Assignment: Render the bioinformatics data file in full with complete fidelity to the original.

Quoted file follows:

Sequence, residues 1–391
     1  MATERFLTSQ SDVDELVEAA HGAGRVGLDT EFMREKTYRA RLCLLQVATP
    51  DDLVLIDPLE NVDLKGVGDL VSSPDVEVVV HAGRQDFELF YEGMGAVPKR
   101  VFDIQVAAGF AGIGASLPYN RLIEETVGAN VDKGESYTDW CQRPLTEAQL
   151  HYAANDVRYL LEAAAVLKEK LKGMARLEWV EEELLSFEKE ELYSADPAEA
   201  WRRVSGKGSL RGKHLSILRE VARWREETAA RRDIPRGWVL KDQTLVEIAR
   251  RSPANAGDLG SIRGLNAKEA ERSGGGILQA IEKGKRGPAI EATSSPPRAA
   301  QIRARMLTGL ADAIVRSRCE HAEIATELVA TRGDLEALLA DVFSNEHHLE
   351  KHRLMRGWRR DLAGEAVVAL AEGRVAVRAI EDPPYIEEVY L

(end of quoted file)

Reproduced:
Sequence, residues 1–391
     1  MATERFLTSQ SDVDELVEAA HGAGRVGLDT EFMREKTYRA RLCLLQVATP
    51  DDLVLIDPLE NVDLKGVGDL VSSPDVEVVV HAGRQDFELF YEGMGAVPKR
   101  VFDIQVAAGF AGIGASLPYN RLIEETVGAN VDKGESYTDW CQRPLTEAQL
   151  HYAANDVRYL LEAAAVLKEK LKGMARLEWV EEELLSFEKE ELYSADPAEA
   201  WRRVSGKGSL RGKHLSILRE VARWREETAA RRDIPRGWVL KDQTLVEIAR
   251  RSPANAGDLG SIRGLNAKEA ERSGGGILQA IEKGKRGPAI EATSSPPRAA
   301  QIRARMLTGL ADAIVRSRCE HAEIATELVA TRGDLEALLA DVFSNEHHLE
   351  KHRLMRGWRR DLAGEAVVAL AEGRVAVRAI EDPPYIEEVY L